To do so, they should read as much as they can. King takes a book with him everywhere he goes, and even reads during meals. “If you want to be a writer, you must do two things above all others: read a lot and write a lot,” he says. Read widely, and constantly work to refine and redefine your own work as you do so.

2. Prepare for more failure and criticism than you think you can deal with.

King compares writing fiction to crossing the Atlantic Ocean in a bathtub, because in both, “there’s plenty of opportunity for self-doubt.” Not only will you doubt yourself, but other people will doubt you, too. “If you write (or paint or dance or sculpt or sing, I suppose), someone will try to make you feel lousy about it, that’s all,” writes King.

Oftentimes, you have to continue writing even when you don’t feel like it. “Stopping a piece of work just because it’s hard, either emotionally or imaginatively, is a bad idea,” he writes. And when you fail, King suggests that you remain positive. “Optimism is a perfectly legitimate response to failure.” 

3. Don’t waste time trying to please people.

According to King, rudeness should be the least of your concerns. “If you intend to write as truthfully as you can, your days as a member of polite society are numbered anyway,” he writes. King used to be ashamed of what he wrote, especially after receiving angry letters accusing him of being bigoted, homophobic, murderous, and even psychopathic.

By the age of 40, he realized that every decent writer has been accused of being a waste of talent. King has definitely come to terms with it. He writes, “If you disapprove, I can only shrug my shoulders. It’s what I have.” You can’t please all of your readers all the time, so King advises that you stop worrying. 

4. Write primarily for yourself.

You should write because it brings you happiness and fulfillment. As King says, “I did it for the pure joy of the thing. And if you can do it for joy, you can do it forever.”

Writer Kurt Vonnegut provides a similar insight: “Find a subject you care about and which you in your heart feel others should care about,” he says. “It is this genuine caring, not your games with language, which will be the most compelling and seductive element in your style.”

Tackle the things that are hardest to write.

“The most important things are the hardest things to say,” writes King. “They are the things you get ashamed of because words diminish your feelings.” Most great pieces of writing are preceded with hours of thought. In King’s mind, “Writing is refined thinking.”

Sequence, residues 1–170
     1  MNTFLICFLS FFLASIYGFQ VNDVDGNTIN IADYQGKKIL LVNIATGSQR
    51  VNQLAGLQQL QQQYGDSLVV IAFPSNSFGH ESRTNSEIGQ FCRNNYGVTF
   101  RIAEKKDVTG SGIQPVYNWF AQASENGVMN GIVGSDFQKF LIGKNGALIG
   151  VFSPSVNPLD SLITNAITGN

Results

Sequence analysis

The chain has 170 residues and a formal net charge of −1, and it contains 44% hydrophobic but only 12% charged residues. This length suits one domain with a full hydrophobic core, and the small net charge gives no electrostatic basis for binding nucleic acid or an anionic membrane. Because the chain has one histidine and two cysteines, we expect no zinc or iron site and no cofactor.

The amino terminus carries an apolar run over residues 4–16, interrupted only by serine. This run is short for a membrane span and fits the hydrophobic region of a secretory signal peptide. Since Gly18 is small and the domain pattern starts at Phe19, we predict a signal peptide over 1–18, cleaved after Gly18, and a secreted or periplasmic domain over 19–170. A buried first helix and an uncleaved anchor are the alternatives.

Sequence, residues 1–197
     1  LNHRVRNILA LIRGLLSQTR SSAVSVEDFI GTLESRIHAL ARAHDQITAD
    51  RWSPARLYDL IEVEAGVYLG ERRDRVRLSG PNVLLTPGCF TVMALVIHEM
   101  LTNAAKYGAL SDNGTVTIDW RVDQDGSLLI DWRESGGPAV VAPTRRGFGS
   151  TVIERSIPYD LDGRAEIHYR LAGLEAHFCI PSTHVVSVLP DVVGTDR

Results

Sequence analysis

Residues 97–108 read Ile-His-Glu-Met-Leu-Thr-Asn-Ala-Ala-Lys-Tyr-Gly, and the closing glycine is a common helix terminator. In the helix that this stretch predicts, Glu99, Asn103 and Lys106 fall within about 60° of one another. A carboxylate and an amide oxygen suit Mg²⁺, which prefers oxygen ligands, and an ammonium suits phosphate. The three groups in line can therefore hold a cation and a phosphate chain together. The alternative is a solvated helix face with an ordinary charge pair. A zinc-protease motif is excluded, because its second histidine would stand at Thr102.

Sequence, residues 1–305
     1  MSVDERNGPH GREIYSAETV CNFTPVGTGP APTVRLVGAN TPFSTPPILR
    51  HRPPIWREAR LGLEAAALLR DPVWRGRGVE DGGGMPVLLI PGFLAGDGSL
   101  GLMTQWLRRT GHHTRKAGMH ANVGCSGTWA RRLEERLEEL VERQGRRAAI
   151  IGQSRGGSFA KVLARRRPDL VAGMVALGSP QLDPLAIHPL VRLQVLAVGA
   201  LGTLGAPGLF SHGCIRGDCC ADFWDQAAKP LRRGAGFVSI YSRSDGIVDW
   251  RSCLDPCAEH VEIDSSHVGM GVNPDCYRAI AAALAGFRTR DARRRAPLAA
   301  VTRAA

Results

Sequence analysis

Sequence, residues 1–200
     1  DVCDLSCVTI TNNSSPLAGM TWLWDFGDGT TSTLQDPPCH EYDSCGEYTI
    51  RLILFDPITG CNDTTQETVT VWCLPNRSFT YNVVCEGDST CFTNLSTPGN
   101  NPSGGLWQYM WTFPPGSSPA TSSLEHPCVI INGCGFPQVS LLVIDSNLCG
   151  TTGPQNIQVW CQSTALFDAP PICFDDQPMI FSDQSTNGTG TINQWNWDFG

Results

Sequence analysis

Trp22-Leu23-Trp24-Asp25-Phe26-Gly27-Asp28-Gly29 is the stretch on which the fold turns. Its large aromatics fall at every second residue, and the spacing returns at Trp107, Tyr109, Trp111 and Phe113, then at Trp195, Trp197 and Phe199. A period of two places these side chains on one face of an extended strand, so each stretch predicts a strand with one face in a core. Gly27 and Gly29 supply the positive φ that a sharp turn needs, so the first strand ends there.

When tackling difficult issues, make sure you dig deeply. King says, “Stories are found things, like fossils in the ground … Stories are relics, part of an undiscovered pre-existing world.” Writers should be like archaeologists, excavating for as much of the story as they can find.

6. When writing, disconnect from the rest of the world.

Writing should be a fully intimate activity. Put your desk in the corner of the room, and eliminate all possible distractions, from phones to open windows. King advises, “Write with the door closed; rewrite with the door open.”

You should maintain total privacy between you and your work. Writing a first draft is “completely raw, the sort of thing I feel free to do with the door shut — it’s the story undressed, standing up in nothing but its socks and undershorts.”

7. Don’t be pretentious.

“One of the really bad things you can do to your writing is to dress up the vocabulary, looking for long words because you’re maybe a little bit ashamed of your short ones,” says King. He compares this mistake to dressing up a household pet in evening clothes — both the pet and the owner are embarrassed, because it’s completely excessive.

As iconic businessman David Ogilvy writes in a memo to his employees, “Never use jargon words like reconceptualize, demassification, attitudinally, judgmentally. They are hallmarks of a pretentious ass.” Furthermore, don’t use symbols unless necessary. “Symbolism exists to adorn and enrich, not to create an artificial sense of profundity,” writes King.

8. Avoid adverbs and long paragraphs.

As King emphasizes several times in his memoir, “the adverb is not your friend.” In fact, he believes that “the road to hell is paved with adverbs” and compares them to dandelions that ruin your lawn. Adverbs are worst after “he said” and “she said” — those phrases are best left unadorned.

You should also pay attention to your paragraphs, so that they flow with the turns and rhythms of your story. “Paragraphs are almost always as important for how they look as for what they say,” says King. 

Read the Full Story @